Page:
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Solar and Lunar Eclipses in Islam and the Eclipse Prayer

October 13, 2023

Solar and Lunar Eclipses in Islam and the Eclipse Prayer

بسم الله الرحمن الرحيم 

:الحمد لله، والصلاة والسلام على رسول الله، وبعد

 فَإِذَا بَرِقَ ٱلۡبَصَرُ (٧) وَخَسَفَ ٱلۡقَمَرُ (٨) وَجُمِعَ ٱلشَّمۡسُ وَٱلۡقَمَرُ (٩) يَقُولُ ٱلۡإِنسَـٰنُ يَوۡمَٮِٕذٍ أَيۡنَ ٱلۡمَفَرُّ (١٠) كَلَّا لَا وَزَرَ (١١) إِلَىٰ رَبِّكَ يَوۡمَٮِٕذٍ ٱلۡمُسۡتَقَرُّ (١٢)

(7) When vision is dazzled. (8) And the moon is eclipsed. (9) And the sun and the moon are joined together. (10) On that Day, man will say, “Where is the escape?” (11) No indeed! There is no refuge. (12) To your Lord on that Day is the settlement. (Quran, Chapter 75- Al-Qiyamah)

Everything in the heavens and on earth is created and sustained by Allah (SWT), the Lord of the universe. Throughout the Quran, people are encouraged to look around them, observe, and reflect on the beauties and the wonders of the natural world as signs of Allah's glory and reminders of His Lordship. We are also commanded to ponder on the Divine Laws that govern these aspects of the creation (Quran 7:54; 21:33; 55:05).

Eclipses of the sun or moon (al-Kusoof and al-Khusoof), which can be total or partial, are a natural phenomenon that occur from time to time in our human existence, through the Will and Wisdom of Allah Almighty. Throughout history they have been seen by people as having major significance - even religious ones: as omen or signs of divine punishment. Many people used to also associate this unusual phenomenon with some superstitious reasons and beliefs.

Our noble Islamic teachings tell us that eclipses, like all other natural phenomena and cosmic events, are signs of Almighty Allah’s existence and of His power and majesty. The mindful believer uses the eclipse as a reminder of their own mortality and their need of Allah, and as an opportunity to reflect on the Day of Judgment - when the sun, moon and stars will be devoid of their light and become conjoined. It is a time also for introspection and the need to remember and return to Allah and beseech Him for His divine aid and His forgiveness, humbling ourselves before the Most Omnipotent and the Almighty (SWT).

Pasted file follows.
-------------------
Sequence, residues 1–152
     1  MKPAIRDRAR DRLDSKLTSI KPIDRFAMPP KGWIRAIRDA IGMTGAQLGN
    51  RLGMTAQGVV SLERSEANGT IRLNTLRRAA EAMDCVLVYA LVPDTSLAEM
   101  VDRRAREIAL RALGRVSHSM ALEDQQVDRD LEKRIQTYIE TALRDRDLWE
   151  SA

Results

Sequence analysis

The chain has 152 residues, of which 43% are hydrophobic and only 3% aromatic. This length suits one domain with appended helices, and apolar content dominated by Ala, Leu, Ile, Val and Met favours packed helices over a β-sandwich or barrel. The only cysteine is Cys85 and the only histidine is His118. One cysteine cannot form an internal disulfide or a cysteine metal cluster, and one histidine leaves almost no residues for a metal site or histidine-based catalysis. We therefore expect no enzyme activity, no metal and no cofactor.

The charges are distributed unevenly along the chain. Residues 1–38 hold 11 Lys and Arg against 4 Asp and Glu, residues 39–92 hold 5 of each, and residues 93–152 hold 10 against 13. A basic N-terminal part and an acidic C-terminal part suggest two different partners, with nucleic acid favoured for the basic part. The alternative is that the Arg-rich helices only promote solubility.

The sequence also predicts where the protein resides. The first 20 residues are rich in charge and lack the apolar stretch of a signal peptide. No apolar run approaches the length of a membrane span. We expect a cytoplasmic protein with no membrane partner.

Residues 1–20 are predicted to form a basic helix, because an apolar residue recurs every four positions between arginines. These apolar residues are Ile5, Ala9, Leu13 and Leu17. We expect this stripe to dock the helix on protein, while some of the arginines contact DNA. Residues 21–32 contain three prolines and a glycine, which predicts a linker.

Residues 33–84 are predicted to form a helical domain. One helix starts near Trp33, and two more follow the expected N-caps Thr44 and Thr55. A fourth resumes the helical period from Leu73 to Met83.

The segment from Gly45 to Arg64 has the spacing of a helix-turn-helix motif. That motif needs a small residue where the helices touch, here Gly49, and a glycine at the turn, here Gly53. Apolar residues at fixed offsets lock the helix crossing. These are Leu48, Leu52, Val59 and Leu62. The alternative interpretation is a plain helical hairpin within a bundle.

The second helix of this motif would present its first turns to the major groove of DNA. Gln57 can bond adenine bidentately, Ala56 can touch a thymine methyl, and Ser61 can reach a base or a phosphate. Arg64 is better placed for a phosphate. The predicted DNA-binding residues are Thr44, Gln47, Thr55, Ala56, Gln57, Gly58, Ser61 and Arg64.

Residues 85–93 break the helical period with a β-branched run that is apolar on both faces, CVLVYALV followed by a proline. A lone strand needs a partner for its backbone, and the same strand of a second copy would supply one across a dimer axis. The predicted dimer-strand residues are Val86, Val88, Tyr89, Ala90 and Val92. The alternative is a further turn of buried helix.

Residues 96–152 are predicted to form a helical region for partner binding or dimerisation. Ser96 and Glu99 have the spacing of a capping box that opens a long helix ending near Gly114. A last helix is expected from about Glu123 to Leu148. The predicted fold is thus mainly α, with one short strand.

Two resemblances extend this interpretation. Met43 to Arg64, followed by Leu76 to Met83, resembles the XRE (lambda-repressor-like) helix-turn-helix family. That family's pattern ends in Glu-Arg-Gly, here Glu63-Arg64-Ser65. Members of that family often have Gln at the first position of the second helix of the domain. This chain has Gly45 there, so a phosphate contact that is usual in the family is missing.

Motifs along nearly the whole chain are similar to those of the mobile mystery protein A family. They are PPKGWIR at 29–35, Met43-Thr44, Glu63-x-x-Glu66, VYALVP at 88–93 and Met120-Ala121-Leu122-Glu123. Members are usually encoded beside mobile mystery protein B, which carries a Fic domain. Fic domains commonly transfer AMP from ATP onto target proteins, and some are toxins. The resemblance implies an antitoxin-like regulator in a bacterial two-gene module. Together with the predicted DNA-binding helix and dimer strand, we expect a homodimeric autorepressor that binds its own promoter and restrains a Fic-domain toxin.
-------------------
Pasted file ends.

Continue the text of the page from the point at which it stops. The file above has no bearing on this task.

Al-Kusoof, or the solar eclipse, is the partial or total cutting off of the sun’s light when the moon comes between it and the earth. We in this part of the world will experience an annular partial solar eclipse from 11:42 am until 2:34 pm this coming Saturday (10/14) with the peak time at 1:06 pm. During the eclipse, Muslims are encouraged to pray and give charity, and to affirm their faith in the Almighty in the correct way and recognize the True Source of this event. 

During the lifetime of Prophet Muhammad (SAW), a solar eclipse occurred and he showed us the way to react and approach this type of phenomenon. He called for an additional (optional) very lengthy prayer and then after he addressed his companions, explaining the truth of the matter to them saying: “The sun and the moon are two of the signs of Allah; they do not eclipse for the death or birth of anyone. So when you see the eclipse, remember Allah and glorify Him, pray and give Sadaqa [charity].”

[Note: In essence the Messenger of Allah (SAW) was also warning them not to link the eclipse to the death of his infant son Ibrahim (RAA) that occurred on the same day in the city of al-Madinah, not long before the demise of our Prophet himself (SAW).]